“An Empirical Study of Yanked Releases in the Rust Package Registry” accepted in TSE!

Li Hao’s paper “An Empirical Study of Yanked Releases in the Rust Package Registry” was accepted for publication in the Transactions on Software Engineering (TSE) journal! Super congrats Li Hao! This was a collaboration with Filipe R. Cogo from the Huawei Centre of Software Excellence.

“Cargo, the software packaging manager of Rust, provides a yank mechanism to support release-level deprecation, which
can prevent packages from depending on yanked releases. Most prior studies focused on code-level (i.e., deprecated APIs) and
package-level deprecation (i.e., deprecated packages). However, few studies have focused on release-level deprecation. In this study,
we investigate how often and how the yank mechanism is used, the rationales behind its usage, and the adoption of yanked releases in
the Cargo ecosystem. Our study shows that 9.6% of the packages in Cargo have at least one yanked release, and the proportion of
yanked releases kept increasing from 2014 to 2020. Package owners yank releases for other reasons than withdrawing a defective
release, such as fixing a release that does not follow semantic versioning or indicating a package is removed or replaced. In addition,
we found that 46% of the packages directly adopted at least one yanked release and the yanked releases propagated through the
dependency network, which leads to 1.4% of the releases in the ecosystem having unresolved dependencies.”

See our Publications for the full paper.

“Studying the Performance Risks of Upgrading Docker Hub Images: A Case Study of WordPress” accepted at ICPE 2022!

Mikael’s paper “Studying the Performance Risks of Upgrading Docker Hub Images: A Case Study of WordPress” was accepted for publication at ICPE 2022! Super congrats Mikael!

“The Docker Hub repository contains Docker images of applications, which allow users to do in-place upgrades to benefit from the latest released features and security patches. However, prior work showed that upgrading a Docker image not only changes the main application, but can also change many dependencies. In this paper, we present a methodology to study the performance impact of upgrading the Docker Hub image of an application, thereby focusing on changes to dependencies. We demonstrate our methodology through a case study of 90 official images of the WordPress application. Our study shows that Docker image users should be cautious and conduct a performance test before upgrading to a newer Docker image in most cases. Our methodology can assist them to better understand the performance risks of such upgrades, and helps them to decide how thorough such a performance test should be.”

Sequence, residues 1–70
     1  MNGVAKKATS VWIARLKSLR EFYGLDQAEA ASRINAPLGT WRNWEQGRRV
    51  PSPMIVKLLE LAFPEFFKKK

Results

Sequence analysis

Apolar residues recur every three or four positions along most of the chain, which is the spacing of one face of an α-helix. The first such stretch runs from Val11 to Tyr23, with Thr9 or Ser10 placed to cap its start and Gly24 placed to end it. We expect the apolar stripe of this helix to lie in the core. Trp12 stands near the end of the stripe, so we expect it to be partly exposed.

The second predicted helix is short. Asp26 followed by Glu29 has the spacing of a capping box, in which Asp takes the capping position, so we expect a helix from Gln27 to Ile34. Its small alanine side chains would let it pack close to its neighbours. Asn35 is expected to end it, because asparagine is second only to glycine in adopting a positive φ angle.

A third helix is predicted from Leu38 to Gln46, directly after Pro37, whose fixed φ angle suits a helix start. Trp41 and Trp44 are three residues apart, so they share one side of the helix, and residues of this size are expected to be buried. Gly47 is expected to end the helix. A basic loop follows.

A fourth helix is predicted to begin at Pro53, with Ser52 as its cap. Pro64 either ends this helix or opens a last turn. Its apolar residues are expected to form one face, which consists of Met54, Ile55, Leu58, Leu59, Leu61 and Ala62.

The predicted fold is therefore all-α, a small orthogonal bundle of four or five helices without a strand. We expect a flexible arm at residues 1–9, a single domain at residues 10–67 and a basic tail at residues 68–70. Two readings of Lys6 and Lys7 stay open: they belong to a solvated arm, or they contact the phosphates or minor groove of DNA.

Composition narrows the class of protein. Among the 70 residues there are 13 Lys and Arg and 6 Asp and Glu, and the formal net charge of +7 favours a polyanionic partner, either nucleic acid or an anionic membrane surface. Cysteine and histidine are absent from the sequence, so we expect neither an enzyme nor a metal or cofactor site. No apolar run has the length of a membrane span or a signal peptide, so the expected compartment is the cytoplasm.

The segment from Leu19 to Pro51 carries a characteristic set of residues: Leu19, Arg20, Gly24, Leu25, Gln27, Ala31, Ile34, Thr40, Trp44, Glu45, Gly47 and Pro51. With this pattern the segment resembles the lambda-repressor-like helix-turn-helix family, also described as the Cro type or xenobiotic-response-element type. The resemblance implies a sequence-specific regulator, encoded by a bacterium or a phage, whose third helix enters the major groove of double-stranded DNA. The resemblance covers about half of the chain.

See our Publications for the full paper.

“Using Natural Language Processing Techniques to Improve Manual Test Case Descriptions” accepted at ICSE-SEIP 2022!

Markos’ paper “Using Natural Language Processing Techniques to Improve Manual Test Case Descriptions” was accepted for publication at the Software Engineering in Practice (SEIP) track of ICSE 2022! Super congrats Markos!

“Despite the recent advancements in test automation, software testing often remains a manual, and costly, activity in many industries. Manual test cases, often described only in natural language, consist of one or more test steps, which are instructions that must be performed to achieve the testing objective. Having different employees specifying test cases might result in redundant, unclear, or incomplete test cases. Manually reviewing and validating newly-specified test cases is time-consuming and becomes impractical in a scenario with a large test suite. Therefore, in this paper, we propose an automated framework to automatically analyze test cases that are specified in natural language and provide actionable recommendations on how to improve the test cases. Our framework consists of configurable components and modules for analysis, which are capable of recommending improvements to the following: (1) the terminology of a new test case through language modeling, (2) potentially missing test steps for a new test case through frequent itemset and association rule mining, and (3) recommendation of similar test cases that already exist in the test suite through text embedding and clustering. We thoroughly evaluated the three modules on data from our industry partner. Our framework can provide actionable recommendations, which is an important challenge given the widespread occurrence of test cases that are described only in natural language in the software industry (in particular, the game industry).”

See our Publications for the full paper.